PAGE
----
2.3 Maintain records that are up to date, complete, accurate and legible
It is important to keep records which are up to date to provide accurate, current, full and correct information concerning the condition and the care required for all individuals. All records which are produced weather written or electronic must be signed and dated; they must also be stored correctly in accordance with that data protection act 1998. It is vital that records are kept up to date, as this ensures that the individual’s needs are being met and may also help to reduce the likelihood of abuse. If an organisation failed to keep up to date records about their service users then this could lead to serious concerns being raised and could also lead to their company reputation being damaged.
Service users must be told about any changes made within their personal records and care plan files. Effective record keeping by health care workers can also ensure that a high standard of health and social care is being provided within the working environment. All information written in files must be clear and relevant and must never be discussed outside of a work, as this would again breach the customer confidentiality law, the law also states that if it’s not written down, then it never happened, so this is yet another reason as to why it is so important to keep up to date records, regarding an individual’s general health and well-being. All information recorded must be fact and not guess work or ideas.
3. Be able to support others to handle information
3.1 Support others to understand the need for secure handling of information
This is all in the confidentiality training that everybody does. I would teach newbies how to handle information, why it has to be kept confidential, eg legislation, laws etc and show them the effect that mistrust can have on not only us, but the service user as well. The secure handling of information in an organisation is often vital. In health care settings there are numerous regulations for us to follow to safeguard the confidential and security of data. To support new employees on this vital task during orientation the policies and procedures should be gone over as well as examples scenarios to help drive home the topic. Think of the obvious. Explain how you tell new staff about this and describe what you do if you find a colleague has left confidential documents lying about, do you remind them why records should be kept securely or do you just put the records away and not say anything?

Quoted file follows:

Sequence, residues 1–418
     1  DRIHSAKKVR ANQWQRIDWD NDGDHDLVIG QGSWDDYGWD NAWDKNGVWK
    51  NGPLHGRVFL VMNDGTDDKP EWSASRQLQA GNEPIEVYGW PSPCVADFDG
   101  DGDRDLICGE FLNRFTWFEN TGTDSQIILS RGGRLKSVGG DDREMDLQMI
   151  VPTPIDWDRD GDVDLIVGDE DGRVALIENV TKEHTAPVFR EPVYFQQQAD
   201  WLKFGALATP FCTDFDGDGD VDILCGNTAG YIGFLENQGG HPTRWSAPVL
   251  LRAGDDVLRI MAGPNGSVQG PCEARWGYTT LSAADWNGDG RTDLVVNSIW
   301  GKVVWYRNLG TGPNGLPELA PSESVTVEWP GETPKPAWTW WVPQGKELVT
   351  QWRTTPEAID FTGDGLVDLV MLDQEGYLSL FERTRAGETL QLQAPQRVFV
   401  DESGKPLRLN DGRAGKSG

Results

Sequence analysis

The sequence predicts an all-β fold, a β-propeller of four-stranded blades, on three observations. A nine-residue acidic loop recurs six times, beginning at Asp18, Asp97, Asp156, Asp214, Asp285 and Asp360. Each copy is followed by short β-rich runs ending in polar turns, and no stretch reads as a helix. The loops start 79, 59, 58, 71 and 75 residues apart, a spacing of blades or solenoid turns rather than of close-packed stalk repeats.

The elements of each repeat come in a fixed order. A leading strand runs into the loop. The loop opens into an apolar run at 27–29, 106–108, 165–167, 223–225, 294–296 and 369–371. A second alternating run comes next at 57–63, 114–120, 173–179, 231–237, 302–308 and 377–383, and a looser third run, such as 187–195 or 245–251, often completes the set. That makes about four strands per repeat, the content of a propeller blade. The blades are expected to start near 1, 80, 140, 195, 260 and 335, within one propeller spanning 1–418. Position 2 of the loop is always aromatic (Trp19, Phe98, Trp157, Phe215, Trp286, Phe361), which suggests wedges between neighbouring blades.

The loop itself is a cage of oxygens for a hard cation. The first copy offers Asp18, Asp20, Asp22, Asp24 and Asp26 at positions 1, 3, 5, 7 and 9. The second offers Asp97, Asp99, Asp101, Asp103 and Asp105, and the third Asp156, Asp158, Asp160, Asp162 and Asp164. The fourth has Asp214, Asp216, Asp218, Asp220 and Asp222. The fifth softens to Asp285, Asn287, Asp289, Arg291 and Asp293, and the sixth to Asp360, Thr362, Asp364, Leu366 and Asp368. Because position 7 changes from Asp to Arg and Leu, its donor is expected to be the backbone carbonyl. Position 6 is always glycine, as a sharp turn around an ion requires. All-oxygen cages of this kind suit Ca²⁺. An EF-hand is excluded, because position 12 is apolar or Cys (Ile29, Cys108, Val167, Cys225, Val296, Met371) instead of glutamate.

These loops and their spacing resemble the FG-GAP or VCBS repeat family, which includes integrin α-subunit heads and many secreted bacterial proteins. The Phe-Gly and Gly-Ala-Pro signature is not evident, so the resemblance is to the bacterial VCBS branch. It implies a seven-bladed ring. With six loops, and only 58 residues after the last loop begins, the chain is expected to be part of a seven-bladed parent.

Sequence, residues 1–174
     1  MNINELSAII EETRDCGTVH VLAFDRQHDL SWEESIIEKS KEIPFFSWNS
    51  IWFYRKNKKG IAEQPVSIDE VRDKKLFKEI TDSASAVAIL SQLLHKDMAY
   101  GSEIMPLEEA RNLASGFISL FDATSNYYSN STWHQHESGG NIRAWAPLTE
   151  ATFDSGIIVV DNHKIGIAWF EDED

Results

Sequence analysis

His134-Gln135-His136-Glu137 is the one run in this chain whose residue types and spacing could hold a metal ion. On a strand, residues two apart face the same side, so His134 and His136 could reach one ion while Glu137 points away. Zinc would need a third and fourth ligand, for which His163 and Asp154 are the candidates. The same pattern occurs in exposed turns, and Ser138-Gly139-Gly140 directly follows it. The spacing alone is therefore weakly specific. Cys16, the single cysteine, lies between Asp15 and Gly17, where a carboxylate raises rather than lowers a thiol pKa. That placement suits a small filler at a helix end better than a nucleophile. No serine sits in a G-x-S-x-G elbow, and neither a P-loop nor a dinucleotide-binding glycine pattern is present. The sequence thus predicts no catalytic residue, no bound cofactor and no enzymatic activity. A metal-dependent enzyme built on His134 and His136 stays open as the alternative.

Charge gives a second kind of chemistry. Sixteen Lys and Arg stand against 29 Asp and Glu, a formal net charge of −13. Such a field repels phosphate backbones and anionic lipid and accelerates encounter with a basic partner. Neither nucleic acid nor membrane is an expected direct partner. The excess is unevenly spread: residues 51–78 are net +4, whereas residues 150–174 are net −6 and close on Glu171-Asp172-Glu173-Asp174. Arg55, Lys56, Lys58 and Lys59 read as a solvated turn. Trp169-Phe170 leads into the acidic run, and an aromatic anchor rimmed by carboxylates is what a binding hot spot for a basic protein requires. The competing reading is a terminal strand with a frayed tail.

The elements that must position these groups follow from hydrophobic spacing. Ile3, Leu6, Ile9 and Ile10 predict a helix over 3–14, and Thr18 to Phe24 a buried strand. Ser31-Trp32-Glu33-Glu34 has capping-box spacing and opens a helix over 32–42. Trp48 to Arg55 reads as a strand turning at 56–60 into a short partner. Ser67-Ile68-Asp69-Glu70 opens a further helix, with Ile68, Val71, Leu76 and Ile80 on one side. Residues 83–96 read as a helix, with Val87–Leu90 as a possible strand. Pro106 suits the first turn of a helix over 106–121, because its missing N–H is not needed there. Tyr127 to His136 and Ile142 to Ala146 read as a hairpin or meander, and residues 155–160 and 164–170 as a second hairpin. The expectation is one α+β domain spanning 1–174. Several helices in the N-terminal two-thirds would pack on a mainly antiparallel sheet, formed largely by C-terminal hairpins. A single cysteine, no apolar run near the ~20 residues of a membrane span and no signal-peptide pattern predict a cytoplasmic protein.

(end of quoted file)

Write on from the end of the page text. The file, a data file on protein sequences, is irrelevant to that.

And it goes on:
3.2 Support others to understand and contribute to records
Let’s say a new work colleague might have some new ideas on how to support someone, instead of thinking she just goes and puts the new ideas in place herself without asking her supervisor. The proper way would be to have a meeting, discuss it and if new ideas are being put into place, then guidelines or support plans would need to be updated so things can be changed. So this is where you need to explain how she should have dealt with it, contributing is putting it down on records which are the support plans etc.